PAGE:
Chris Marquette: I didn't like it. I was really disappointed. I mean, I was really happy I saw it, but I was just saying it doesn't matter what Anakin Skywalker was doing in Episode I, he could have been just crapping or showering slowly, anything, and I would have loved it. But, at the same time, I just remember walking out and thinking about the pod racers and [thinking] that was terrible. This kid can't do that!

Sam Huntington: I didn't care for it. Honestly, it wasn't just the expectation thing. I am a tremendous fan of the older films, but I don't think it really had anything to do with that. I just think, stand-alone, it didn't sit well with me. But a lot of people did love it. It's different strokes for different folks.


Kyle, what did you have to do to secure Lucas' endorsement or approval for what you wanted to do?

Newman: We were scared at first, because we weren't sure. We were going to this guy, and we were asking for a lot, so we were like, "Let's put together everything that we need. Let's make the best possible presentation." [Producer] Kevin Spacey made the phone call. The people at Lucasfilm read the project and saw that it was very reverent; it was a love letter to Star Wars. Yeah, it pokes fun at some things, but it's all in fun. I think they're at a position, too, in their history where they realize there's no more movies, and it's the fans that are keeping Star Wars alive until there was new TV shows. It was in that window that we approached them, where there wasn't a TV series and there were no more movies, so it was like "Here's a way to keep Star Wars being talked about in the media."

So we had to make a list of everything for them just to show them "This is how detailed we're being about it, and even though we don't need permission for it, here's the references." We're going to use the "scum and villainy" line. You can do that stuff, but we just wanted to show them the breadth of it, and they were cool. I think once they trusted us that we weren't trying to slam them or criticize their fan base and were embracing it, they were cool.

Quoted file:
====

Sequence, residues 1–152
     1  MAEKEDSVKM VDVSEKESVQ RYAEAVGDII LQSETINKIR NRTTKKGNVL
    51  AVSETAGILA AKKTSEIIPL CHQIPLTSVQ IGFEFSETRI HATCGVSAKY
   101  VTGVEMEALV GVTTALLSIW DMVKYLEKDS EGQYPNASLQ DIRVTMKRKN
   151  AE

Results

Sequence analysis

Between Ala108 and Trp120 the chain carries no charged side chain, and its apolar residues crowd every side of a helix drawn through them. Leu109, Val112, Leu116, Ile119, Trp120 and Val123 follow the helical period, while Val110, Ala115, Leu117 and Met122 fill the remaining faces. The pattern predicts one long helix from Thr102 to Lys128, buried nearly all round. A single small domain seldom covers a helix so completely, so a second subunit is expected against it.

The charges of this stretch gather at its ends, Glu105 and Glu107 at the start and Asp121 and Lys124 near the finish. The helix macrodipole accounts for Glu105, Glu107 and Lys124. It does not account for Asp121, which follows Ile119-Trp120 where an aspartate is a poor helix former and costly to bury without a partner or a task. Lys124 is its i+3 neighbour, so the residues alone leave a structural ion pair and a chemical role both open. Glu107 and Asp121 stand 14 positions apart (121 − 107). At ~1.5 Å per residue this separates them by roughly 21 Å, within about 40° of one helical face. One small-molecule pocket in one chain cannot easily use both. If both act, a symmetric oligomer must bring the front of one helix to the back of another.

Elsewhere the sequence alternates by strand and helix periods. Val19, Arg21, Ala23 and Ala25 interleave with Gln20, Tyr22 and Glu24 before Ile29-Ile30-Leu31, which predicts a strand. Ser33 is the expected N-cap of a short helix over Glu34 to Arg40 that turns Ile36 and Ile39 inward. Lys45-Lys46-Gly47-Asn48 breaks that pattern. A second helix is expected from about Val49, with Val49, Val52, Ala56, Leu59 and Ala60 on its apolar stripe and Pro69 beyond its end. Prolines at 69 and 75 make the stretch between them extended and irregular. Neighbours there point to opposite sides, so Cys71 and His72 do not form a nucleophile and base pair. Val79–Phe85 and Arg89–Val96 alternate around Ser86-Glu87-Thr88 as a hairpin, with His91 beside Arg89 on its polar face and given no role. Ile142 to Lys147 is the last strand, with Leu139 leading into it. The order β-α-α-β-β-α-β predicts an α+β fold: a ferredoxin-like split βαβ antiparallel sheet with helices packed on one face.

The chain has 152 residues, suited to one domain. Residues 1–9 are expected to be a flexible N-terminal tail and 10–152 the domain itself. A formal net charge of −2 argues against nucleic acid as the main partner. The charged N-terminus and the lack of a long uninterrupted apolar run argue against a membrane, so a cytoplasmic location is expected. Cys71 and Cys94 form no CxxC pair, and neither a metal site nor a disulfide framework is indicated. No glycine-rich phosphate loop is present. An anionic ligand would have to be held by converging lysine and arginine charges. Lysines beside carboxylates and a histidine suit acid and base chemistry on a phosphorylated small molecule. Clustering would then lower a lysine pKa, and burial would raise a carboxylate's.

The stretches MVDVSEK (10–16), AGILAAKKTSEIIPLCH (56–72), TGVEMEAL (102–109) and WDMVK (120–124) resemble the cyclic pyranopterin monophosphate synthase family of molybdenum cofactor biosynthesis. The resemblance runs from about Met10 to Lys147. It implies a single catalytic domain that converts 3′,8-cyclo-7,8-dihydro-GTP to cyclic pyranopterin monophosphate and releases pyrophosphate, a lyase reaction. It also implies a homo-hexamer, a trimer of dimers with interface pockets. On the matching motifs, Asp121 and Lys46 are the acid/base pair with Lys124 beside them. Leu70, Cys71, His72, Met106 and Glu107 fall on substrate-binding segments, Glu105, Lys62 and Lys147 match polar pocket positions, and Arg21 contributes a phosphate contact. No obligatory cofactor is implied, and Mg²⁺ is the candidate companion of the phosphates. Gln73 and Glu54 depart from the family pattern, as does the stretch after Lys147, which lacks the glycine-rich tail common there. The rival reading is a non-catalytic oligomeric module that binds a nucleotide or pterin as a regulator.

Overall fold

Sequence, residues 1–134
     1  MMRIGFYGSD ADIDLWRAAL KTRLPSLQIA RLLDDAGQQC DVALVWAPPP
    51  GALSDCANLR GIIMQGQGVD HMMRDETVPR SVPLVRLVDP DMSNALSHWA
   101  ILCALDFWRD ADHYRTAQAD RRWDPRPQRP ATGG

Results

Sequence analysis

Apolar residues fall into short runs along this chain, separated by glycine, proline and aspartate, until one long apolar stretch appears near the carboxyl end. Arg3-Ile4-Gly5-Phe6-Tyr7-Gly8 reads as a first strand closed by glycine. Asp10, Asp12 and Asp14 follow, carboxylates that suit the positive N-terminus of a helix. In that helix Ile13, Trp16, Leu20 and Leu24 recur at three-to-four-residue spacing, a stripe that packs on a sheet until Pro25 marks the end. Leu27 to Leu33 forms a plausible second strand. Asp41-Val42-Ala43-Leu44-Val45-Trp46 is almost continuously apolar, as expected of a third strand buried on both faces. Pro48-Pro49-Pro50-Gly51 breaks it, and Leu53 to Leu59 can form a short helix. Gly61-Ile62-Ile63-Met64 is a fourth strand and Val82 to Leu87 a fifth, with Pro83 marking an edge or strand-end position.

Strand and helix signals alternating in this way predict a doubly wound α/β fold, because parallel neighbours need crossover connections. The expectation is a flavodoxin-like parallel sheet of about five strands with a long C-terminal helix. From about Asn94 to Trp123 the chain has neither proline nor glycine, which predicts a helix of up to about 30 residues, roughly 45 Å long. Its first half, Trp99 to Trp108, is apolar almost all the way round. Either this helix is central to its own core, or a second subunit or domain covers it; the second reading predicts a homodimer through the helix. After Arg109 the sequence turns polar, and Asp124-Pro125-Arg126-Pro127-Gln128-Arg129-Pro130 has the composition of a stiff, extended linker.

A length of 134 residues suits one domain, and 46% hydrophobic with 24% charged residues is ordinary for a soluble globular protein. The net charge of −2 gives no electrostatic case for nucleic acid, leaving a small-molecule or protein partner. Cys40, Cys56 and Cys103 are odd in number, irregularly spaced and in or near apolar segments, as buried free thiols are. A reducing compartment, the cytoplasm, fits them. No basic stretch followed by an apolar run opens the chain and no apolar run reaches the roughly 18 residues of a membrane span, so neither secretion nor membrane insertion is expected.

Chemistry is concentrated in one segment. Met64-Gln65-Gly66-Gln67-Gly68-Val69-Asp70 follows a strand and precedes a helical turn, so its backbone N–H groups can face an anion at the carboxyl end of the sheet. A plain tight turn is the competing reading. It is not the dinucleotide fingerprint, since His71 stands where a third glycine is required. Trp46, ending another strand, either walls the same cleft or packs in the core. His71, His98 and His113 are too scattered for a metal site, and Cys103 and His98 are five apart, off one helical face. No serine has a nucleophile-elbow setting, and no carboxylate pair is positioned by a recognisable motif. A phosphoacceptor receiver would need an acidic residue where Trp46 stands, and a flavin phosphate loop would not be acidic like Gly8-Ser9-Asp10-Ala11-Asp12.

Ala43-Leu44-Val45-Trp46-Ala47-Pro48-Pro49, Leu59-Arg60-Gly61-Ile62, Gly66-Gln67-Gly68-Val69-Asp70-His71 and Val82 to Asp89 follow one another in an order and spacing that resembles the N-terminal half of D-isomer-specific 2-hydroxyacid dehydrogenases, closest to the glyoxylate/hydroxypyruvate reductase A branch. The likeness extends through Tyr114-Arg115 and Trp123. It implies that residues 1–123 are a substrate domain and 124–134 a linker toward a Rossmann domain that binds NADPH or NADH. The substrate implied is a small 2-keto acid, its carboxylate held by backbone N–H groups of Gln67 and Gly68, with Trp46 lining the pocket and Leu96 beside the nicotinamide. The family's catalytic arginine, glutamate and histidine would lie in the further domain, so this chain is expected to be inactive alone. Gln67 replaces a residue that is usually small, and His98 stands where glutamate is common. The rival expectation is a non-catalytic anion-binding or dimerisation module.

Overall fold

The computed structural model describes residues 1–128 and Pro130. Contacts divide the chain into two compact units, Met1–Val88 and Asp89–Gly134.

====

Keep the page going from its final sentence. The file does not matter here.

One of the things a lot of people are curious about is how the film ends, since there is such a big debate about how good Episode I is.

Newman: That was a big part of our discussions. [Producer] Matt [Perniciaro] and I had this philosophy where it wasn't about the movie, which is kind of a message that we worked into the film. It's the journey, it's the friendship, and it's really about these guys as opposed to it hinging upon whether or not you liked Episode I.

We take a few jabs at Episode I, like we threw a Jar-Jar joke in there, and there's obviously that last line. But for me it was trying to set the movie in a special time in '98 when it was all about the anticipation. No one knew if it was going to be good or bad, but what they were excited about was the buzz that something was coming. I didn't want to get into the Episode I debate, [but] the movie's not about Episode I. The movie's about friends going on a journey and doing something for another friend. Star Wars is the vernacular, it's the way they talk, but it's not necessarily what it's about.